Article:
Architect Zaha Hadid has transformed Galerie Gmurzynska in Zurich into a spatial painting that can actually be entered.
“The work is a play on projections in two and three dimensions,” says project architect Melodie Leung, who worked with curators Patrik Schumacher and Zaha to develop the exhibit. “We’ve turned the gallery into a canvas. We laser scanned it and modeled it.”
Gallery owners asked Hadid to curate the exhibit, since it has a strong portfolio of Russian Avant-Garde art, a source of pride. Officials there were aware also of the architect’s now-legendary 1992 installation at the Guggenheim Museum on the same subject.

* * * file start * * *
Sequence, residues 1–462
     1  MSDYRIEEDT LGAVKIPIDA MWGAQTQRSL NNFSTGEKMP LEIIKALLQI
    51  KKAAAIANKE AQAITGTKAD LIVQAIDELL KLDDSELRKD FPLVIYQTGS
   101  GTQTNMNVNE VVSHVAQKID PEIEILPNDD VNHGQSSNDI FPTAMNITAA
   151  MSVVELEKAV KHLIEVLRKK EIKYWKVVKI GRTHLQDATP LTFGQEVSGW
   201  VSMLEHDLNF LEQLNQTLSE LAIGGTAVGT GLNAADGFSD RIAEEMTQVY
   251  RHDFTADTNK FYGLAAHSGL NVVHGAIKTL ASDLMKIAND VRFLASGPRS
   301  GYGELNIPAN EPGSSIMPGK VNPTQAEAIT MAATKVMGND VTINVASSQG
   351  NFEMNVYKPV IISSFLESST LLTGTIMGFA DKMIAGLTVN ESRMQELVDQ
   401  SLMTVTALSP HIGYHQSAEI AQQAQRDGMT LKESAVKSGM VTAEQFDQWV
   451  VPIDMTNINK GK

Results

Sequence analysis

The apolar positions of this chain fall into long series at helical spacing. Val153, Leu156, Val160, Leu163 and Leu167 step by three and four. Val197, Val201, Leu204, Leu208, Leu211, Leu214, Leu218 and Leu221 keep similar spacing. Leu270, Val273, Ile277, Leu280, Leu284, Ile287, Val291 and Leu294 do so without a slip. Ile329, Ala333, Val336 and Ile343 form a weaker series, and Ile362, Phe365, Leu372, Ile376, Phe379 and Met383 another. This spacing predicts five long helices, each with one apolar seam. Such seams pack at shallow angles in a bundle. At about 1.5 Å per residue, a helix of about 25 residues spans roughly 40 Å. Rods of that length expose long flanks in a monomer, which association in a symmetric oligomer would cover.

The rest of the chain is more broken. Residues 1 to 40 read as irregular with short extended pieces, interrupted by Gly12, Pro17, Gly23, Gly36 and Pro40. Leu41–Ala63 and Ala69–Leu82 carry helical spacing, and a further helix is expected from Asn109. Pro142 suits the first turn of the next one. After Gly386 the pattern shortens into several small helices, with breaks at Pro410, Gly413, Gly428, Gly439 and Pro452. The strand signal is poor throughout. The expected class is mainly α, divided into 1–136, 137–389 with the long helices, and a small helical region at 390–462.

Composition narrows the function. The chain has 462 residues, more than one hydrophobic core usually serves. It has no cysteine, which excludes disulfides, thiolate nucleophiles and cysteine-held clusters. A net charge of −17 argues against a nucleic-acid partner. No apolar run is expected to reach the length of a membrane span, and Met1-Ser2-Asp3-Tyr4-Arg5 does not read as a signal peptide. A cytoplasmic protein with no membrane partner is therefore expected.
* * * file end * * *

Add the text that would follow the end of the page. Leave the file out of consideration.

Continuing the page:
The concept of the exhibit is an explosion of Russian artwork, juxtaposing the work of the architect with that of Russian artists. Bright Russian works pierce the contemporary works by Hadid in a dynamic black and white design. The dialogue of these works constantly shifts and realigns as one moves through the space, focusing on four themes: abstraction, distortion, fragmentation, and floatation.
“When you’re looking at it from the front, there are three main works from Zaha,” Leung says. “As you move into the gallery, you’ll see the form of line drawings that move from two dimensional to three dimensional. You’ll get a three-dimensional understanding of the space, because you’re inside the artwork.”
The site-specific exhibit on two floors of the gallery will be on exhibit until September 25.
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